Online Lenders Will Be Just 1% of Market in 2025, Deloitte Says

  • Marketplace lenders’ U.K. share could be as little as 1%
  • Funding model of banks is ‘powerful’ advantage, report says

Britain’s bank chief executives can sleep easy. Peer-to-peer lenders are unlikely to dent their dominance of the loan market over the next decade, according to Deloitte LLP.

Online platforms connecting investors directly with consumer and commercial borrowers will probably account for about 1 percent of the 600 billion pounds ($874 billion) of total lending by 2025, according to the accounting firm. They could gain as much as 6 percent of the market if banks don’t innovate and the Bank of England keeps its key interest rate near a record low.

The rise of marketplace lenders such as Zopa Ltd. and Funding Circle Ltd., armed with nimble technology, has threatened to erode the dominance of Britain’s largest banks, disadvantaged by crumbling computer systems and tougher capital requirements. Even so, banks are advantaged by a low-cost funding model from customer deposits that will prove “even more powerful” when interest rates rise, according to Deloitte.

“Contrary to a number of commentators, we do not see marketplace lenders as a major threat to banks in the mass market,” Neil Tomlinson, head of U.K. banking at Deloitte, said by e-mail. “Whilst banks are yet to replicate the benefits of the marketplace model, we believe it is only a matter of time before they use their size and scale to overtake and sustainably under-price MPLs.”

Fewer Rules

Marketplace lenders probably accounted for about 2.7 billion pounds of lending in the U.K. and 669 million euros ($750 million) in Europe last year, dwarfed by $23 billion in loans in the U.S., according to Liberum, AltFi Data and Deloitte analysis. The 6 percent share of the British market would bring lending to consumers and small-and medium-sized businesses to as much as 35.5 billion pounds by 2025, according to Deloitte.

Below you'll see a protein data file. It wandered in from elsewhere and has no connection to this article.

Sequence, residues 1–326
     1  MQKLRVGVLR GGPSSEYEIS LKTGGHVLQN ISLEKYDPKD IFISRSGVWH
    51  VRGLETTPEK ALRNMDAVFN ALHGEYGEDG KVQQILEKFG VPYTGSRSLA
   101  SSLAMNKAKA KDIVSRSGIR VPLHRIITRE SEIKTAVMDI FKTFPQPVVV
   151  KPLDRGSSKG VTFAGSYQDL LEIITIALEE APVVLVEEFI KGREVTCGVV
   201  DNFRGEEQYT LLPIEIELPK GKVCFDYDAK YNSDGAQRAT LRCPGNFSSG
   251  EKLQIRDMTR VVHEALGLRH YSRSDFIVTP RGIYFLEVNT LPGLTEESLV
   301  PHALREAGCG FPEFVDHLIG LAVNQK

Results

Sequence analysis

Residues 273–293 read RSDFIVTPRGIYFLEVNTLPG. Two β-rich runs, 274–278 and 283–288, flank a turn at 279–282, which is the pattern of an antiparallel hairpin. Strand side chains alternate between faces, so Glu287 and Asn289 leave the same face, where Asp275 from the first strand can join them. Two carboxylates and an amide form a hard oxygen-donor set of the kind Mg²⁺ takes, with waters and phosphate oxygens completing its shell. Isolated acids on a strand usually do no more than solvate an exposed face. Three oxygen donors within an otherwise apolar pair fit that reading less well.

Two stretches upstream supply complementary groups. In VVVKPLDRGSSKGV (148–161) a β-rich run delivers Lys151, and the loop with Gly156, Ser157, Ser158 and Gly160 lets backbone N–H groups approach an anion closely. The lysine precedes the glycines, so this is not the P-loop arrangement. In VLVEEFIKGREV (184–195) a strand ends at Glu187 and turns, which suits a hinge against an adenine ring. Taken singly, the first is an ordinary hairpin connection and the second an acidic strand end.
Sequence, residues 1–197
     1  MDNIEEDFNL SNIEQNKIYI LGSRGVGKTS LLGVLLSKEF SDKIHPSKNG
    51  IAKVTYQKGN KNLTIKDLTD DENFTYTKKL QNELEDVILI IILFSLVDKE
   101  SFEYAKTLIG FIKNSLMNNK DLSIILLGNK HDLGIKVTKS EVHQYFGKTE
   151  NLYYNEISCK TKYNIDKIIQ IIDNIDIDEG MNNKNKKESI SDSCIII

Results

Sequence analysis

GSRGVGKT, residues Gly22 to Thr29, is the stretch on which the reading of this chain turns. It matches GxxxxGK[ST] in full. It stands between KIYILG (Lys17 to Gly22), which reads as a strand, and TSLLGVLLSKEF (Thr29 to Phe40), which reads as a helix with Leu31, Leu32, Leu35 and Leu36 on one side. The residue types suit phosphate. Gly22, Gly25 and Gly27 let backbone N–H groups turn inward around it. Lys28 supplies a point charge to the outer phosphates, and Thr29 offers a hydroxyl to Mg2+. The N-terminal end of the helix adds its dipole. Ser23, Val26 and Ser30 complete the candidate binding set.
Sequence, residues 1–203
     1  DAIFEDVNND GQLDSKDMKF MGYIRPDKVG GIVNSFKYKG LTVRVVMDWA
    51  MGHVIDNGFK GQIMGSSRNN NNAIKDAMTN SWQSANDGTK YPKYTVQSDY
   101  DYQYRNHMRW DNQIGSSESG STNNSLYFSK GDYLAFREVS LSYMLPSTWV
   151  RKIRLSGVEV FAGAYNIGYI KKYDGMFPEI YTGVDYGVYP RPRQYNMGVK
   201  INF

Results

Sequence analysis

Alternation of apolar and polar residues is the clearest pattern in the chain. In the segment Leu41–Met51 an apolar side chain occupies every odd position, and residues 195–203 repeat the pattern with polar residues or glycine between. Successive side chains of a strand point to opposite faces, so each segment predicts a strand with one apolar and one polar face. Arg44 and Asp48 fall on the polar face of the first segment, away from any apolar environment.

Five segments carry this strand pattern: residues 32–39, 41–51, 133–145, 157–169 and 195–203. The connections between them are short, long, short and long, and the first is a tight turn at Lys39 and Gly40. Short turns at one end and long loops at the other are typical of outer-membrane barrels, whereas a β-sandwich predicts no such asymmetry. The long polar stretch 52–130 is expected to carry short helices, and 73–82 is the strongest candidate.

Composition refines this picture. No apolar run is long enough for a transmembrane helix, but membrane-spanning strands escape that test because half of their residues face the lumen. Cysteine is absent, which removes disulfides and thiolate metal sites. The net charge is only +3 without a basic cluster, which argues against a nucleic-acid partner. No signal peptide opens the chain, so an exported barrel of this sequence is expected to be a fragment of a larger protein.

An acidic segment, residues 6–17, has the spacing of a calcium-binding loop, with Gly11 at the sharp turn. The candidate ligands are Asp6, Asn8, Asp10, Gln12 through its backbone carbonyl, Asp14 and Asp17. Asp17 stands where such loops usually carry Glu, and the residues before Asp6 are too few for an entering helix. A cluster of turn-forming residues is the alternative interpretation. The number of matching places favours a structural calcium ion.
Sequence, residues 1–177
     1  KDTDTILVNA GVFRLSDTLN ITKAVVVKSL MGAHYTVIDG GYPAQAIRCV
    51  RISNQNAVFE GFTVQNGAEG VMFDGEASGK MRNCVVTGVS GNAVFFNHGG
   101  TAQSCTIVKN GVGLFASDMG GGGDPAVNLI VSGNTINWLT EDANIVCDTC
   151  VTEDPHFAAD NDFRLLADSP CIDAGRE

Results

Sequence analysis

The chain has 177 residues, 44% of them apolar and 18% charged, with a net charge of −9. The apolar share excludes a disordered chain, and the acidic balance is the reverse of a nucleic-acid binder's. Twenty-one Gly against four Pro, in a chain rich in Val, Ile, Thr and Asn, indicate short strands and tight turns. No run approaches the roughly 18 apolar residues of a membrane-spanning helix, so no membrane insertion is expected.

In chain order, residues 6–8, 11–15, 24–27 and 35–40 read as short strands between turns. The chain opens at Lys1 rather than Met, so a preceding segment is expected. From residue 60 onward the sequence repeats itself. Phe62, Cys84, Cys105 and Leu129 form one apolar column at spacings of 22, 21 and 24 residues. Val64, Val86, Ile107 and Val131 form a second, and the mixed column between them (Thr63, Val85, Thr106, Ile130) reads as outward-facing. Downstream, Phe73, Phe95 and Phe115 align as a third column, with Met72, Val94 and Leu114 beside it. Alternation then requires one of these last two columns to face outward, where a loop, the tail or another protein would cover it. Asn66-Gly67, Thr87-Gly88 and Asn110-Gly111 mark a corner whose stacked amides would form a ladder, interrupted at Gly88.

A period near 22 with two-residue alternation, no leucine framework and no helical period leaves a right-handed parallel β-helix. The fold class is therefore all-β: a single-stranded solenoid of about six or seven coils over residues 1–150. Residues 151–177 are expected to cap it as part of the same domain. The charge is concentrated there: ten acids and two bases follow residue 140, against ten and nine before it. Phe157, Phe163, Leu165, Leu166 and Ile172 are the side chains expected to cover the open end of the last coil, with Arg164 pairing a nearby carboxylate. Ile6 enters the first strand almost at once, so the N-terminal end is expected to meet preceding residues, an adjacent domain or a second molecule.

While the peer-to-peer platforms, which don’t take deposits, don’t face as many regulations as the U.K.’s largest banks, this may change as they become more important to the financial system, the accounting firm said. Banks are likely to work with or acquire some marketplace lenders and adopt their best practices to maintain the status quo.

“Unlike banks with legacy systems, MPLs use modern technology, streamlined processes and innovative risk scoring that can make it quicker and easier to get a loan,” Ian Foottit, a banking partner at Deloitte said by e-mail. “While MPLs look unlikely to grow sufficiently to displace banks, banks can benefit from adopting some of their best practices.”

A crash in the stock prices of U.S. marketplace lenders On Deck Capital Inc. and LendingClub Corp., whose Chief Executive Officer Renaud Laplanche resigned after an internal review into its practices, is raising “renewed questions” over the peer-to-peer business model, Ronit Ghose, an analyst at Citigroup Inc., wrote in a research note on Friday.

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